Re: Why are Oklahoma City people in this forum?
by cridernokc on Thu Jun 18, 2009 11:35 am

We're here to remind you that you lost a team.Yes,this is a cause Somehow thought of ya blaming OKC. (OKC) proud to have a NBA team. We come here looking to just finded info but only see a horrible BackLash. Would you not defend your Hometown? It's completely upsetting to here cramp that is incorrect. So to tell us to leave, good luck maybe quit insulting , Perhaps!cridernokc

Posts: 75
Joined: Fri May 29, 2009 6:21 am
Location: Oklahoma City, OK
Mike, Stanwood - Jun 18, 2009 at 6:21 pm
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Philip, only one of those guys you named is a true PF.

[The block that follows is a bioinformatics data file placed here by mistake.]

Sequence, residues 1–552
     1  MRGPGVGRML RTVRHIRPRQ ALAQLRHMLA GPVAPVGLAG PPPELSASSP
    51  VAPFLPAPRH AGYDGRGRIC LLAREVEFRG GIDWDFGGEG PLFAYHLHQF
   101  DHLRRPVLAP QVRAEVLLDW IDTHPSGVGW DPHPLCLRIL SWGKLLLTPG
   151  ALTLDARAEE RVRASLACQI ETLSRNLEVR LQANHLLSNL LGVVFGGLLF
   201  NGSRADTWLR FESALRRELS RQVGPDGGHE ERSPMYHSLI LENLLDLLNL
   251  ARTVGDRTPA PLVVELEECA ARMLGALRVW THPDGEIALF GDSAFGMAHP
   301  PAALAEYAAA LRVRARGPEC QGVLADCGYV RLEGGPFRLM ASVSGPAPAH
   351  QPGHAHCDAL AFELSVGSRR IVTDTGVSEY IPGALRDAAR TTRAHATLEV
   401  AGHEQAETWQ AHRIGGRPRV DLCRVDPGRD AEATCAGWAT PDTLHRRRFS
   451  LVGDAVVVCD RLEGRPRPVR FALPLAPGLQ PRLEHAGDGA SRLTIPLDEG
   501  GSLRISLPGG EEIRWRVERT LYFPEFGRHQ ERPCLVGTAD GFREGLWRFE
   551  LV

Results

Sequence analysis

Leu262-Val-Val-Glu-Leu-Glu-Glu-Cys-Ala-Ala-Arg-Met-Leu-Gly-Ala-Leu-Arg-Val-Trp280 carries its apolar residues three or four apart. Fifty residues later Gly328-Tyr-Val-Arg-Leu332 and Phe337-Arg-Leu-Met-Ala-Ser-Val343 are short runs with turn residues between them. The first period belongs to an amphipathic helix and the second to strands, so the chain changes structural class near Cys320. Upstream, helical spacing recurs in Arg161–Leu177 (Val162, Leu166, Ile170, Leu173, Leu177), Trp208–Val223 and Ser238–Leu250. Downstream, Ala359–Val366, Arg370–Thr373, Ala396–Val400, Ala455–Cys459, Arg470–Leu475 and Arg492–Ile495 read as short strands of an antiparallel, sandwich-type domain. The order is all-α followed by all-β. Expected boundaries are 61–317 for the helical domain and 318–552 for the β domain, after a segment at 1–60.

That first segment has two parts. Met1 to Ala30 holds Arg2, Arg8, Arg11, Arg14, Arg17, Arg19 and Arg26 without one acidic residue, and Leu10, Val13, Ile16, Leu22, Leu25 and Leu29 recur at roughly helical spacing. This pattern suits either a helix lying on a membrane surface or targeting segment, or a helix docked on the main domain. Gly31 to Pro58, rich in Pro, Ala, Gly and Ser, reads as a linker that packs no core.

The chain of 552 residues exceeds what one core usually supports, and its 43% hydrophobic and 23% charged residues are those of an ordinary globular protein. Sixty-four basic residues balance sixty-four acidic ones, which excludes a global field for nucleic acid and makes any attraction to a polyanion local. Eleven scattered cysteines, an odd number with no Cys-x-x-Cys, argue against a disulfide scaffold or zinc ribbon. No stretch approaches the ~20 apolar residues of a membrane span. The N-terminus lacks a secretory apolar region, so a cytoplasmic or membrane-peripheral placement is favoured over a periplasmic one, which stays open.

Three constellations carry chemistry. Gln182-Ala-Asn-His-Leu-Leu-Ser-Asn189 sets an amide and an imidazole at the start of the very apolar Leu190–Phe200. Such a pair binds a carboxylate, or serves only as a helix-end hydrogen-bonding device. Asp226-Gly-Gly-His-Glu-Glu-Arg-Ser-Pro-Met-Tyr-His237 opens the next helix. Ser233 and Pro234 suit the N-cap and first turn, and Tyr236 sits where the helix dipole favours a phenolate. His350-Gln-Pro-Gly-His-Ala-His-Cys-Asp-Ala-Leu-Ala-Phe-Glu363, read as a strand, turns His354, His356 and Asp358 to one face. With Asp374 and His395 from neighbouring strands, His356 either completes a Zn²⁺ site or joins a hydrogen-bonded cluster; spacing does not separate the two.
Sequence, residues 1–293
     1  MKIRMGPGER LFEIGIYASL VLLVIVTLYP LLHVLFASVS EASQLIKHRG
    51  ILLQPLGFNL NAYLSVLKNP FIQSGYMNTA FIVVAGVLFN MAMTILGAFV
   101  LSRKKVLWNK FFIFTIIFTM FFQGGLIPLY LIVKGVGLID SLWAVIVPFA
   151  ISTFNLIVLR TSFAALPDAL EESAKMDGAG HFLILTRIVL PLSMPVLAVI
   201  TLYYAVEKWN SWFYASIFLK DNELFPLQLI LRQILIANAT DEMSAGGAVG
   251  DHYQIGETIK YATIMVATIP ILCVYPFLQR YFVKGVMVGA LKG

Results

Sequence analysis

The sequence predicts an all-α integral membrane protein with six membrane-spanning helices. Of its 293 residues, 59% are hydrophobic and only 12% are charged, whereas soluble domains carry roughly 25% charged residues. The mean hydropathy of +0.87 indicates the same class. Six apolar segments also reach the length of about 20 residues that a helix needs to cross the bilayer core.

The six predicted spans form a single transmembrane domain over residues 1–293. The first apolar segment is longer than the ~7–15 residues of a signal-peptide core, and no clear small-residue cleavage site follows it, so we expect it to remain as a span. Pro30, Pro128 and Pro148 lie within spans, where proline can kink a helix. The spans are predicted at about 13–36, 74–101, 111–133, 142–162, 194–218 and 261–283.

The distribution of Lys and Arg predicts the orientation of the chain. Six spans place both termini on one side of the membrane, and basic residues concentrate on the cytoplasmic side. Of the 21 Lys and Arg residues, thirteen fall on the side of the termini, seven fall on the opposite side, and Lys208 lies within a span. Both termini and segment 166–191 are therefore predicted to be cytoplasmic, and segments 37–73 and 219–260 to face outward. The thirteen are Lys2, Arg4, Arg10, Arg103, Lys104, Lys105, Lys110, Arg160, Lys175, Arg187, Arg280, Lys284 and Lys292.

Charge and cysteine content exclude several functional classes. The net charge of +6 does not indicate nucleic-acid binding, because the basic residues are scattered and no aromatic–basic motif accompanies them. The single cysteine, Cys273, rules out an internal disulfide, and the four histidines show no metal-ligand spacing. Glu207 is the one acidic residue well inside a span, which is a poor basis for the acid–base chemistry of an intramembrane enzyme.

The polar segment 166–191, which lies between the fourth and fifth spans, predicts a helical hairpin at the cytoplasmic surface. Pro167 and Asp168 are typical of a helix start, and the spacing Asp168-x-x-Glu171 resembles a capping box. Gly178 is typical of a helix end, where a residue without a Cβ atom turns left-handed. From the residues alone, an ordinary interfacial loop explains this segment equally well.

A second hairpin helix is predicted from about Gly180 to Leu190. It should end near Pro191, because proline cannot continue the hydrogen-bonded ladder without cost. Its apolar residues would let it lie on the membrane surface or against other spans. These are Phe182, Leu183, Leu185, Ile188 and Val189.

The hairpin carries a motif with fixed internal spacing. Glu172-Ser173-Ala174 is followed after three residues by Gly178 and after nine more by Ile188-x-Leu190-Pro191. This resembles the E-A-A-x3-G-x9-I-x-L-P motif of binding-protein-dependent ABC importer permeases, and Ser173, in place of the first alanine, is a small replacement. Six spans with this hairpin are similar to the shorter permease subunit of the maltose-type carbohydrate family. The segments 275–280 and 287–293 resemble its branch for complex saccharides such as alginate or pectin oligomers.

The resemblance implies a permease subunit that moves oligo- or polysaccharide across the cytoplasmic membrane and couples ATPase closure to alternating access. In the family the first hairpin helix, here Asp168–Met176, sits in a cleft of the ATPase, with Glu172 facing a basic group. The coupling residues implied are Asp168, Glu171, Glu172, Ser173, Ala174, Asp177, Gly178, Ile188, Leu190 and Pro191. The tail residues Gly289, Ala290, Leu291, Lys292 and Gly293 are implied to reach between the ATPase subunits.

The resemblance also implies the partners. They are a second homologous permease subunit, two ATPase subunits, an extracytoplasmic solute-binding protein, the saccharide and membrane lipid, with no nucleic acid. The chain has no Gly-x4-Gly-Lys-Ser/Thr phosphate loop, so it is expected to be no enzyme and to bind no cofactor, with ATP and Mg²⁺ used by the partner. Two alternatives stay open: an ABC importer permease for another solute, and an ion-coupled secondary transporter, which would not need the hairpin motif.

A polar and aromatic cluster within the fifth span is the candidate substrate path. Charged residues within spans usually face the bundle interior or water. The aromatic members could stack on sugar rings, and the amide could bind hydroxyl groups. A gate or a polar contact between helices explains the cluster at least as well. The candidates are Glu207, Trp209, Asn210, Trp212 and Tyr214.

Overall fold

Brian, Ford Center - Jun 18, 2009 at 2:33 pm
I'm not sure if Taj Gibson declared for the draft, but he would seem to be a better fit than Hill, he's a better post player. Still, if they can't get Blake, got go with Curry. Westbrook and Curry...lethal.
TY , OKLAHOMA CITY - Jun 18, 2009 at 5:04 am
Hopefully they find a way to get Blake, but if they chose a guard, got to go with Curry.
TY , OKLAHOMA CITY - Jun 18, 2009 at 4:32 am
Are you saying we don't need a 6 10 power forward? He averaged a double double, but we don't need a power forward? I guess we don't need a blake griffin type player either- cause we don't need any more forwards. Dude- We need guys who aren't afraid to bang under the boards. I'd seriously consider trading down for this guy, if it can also bring us a wily veteran shooting guard.
Jim, Edmond - Jun 17, 2009 at 7:45 pm
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I say absolutely not. We have three forwards already: KD, Jeff Green, & Collison. We do not need another forward. What the Thunder need (& need badly) are: a good shooting guard & a center, good defenders at either position are a huge plus.
Philip, Oklahoma City - Jun 17, 2009 at 3:50 pm